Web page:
I crawled under the rope and the human chain momentarily lifted their tightly interlocked arms to let me in. As soon as I passed, the arms interlocked again. The crew, good friends who worked together on a regular basis, watched with stunned indignation. 

"Can he come in too?" I asked my student guide, feeling sorry for Brian. He was a good journalist, the first person at BBC to befriend me. His gregarious warmth and generosity compensated for his temper. 

"Yes, if he is with you,” he consented. 

"Brian? You can come in now," I said. "We can talk to them for five minutes, but no cameras." 

"No cameras? What's the bloody point of going in if we can't take our gear?" he yelled. "Tell him that's nonsense! How come ITN could bring their cameras in?" Brian's face reddened again. He threw his hands in the air in exasperation and stomped away. 

"Let's get out of here!" he yelled to the camera crew.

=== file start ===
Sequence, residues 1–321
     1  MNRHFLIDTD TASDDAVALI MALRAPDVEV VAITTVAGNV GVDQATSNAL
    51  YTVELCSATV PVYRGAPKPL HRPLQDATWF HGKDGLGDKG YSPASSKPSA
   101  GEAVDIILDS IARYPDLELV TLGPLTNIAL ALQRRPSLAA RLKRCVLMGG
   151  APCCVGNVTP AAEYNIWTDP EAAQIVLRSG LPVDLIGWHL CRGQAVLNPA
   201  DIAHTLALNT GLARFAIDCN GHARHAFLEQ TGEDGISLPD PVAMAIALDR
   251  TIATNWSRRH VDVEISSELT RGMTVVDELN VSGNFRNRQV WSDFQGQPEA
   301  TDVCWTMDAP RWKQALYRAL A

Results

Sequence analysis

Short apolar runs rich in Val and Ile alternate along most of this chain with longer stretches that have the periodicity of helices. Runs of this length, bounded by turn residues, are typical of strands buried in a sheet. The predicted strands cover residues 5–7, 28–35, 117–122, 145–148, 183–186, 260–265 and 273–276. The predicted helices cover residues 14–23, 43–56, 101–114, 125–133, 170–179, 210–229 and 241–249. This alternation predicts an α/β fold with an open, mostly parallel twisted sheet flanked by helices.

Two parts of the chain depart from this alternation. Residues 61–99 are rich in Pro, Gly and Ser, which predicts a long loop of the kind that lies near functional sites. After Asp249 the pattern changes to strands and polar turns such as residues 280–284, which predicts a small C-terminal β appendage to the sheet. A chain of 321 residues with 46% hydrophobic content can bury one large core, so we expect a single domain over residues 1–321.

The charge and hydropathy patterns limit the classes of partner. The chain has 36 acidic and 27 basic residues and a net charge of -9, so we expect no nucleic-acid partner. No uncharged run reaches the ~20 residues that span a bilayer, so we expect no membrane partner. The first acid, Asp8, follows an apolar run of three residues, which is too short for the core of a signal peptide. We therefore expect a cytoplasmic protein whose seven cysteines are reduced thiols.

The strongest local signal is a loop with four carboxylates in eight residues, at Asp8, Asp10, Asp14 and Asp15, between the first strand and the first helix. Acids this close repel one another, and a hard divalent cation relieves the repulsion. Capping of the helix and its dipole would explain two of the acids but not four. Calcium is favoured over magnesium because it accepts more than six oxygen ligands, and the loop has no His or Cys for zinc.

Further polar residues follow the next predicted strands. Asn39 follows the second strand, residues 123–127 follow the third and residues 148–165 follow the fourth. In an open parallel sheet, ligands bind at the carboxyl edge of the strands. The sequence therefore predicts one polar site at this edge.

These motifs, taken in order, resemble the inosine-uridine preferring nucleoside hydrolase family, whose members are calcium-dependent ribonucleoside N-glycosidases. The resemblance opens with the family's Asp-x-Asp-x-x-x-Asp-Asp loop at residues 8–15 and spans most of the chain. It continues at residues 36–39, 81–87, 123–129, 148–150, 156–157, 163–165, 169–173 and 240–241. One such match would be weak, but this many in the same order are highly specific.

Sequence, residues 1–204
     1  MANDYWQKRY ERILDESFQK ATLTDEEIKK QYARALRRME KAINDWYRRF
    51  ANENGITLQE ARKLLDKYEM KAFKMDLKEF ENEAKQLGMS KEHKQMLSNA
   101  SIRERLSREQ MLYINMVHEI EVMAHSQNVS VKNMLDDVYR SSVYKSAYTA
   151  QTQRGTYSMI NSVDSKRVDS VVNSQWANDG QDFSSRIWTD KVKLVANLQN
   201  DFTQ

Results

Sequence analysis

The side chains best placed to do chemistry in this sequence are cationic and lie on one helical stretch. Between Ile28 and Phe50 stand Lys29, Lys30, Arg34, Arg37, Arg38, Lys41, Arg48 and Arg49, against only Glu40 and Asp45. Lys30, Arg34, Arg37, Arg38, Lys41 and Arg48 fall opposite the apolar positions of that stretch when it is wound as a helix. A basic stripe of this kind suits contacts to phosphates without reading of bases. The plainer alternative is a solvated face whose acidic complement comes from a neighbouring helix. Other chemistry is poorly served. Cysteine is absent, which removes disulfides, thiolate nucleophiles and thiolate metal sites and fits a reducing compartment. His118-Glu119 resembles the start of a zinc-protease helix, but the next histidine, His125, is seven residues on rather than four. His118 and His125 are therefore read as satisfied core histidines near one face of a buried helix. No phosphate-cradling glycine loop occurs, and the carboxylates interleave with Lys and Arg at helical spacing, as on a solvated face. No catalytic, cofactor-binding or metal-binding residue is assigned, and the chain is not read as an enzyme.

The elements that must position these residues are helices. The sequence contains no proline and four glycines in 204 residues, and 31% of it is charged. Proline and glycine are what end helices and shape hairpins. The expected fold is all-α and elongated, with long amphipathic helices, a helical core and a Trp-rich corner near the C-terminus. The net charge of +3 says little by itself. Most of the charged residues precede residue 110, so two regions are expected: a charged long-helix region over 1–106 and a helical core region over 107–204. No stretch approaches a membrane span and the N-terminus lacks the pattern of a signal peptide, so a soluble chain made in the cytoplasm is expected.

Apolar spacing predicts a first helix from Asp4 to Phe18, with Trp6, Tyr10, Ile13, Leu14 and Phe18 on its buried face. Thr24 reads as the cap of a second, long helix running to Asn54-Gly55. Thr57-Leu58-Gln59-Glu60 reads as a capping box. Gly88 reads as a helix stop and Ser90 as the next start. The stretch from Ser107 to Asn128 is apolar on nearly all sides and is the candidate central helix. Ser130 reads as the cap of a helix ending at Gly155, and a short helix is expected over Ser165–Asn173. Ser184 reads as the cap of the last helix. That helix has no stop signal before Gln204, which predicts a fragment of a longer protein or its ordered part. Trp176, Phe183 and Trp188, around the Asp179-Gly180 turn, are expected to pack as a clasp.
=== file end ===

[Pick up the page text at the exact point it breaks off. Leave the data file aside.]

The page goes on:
His words were followed by the murmur of equally indignant voices saying things about a laowai that I didn’t want to hear. Lotus took it all in with her usual smiling equanimity. 

I stepped forward, careful not to trod on any of the blankets and sleeping bags. Before me were sprawled a dozen limp bodies that belonged in a hospital. 

A thin, handsome man with a high-cheeked, angular face caught my attention. His body was motionless and emaciated but his eyes were bright and alert. He wore a green shirt. 

"You suffer. I admire your courage," I said, respectfully, lacking the chutzpah to scold him and his fellow strikers for their stupidity. Instead of telling them to go home and have some hot chicken soup, I told them a little about myself. 

"My name is Jin Peili, I study Chinese, do you know the Insider Guest House at Shida?" Not knowing whom to talk to, I addressed them as a group, but my eyes kept going back to the man with the bright eyes.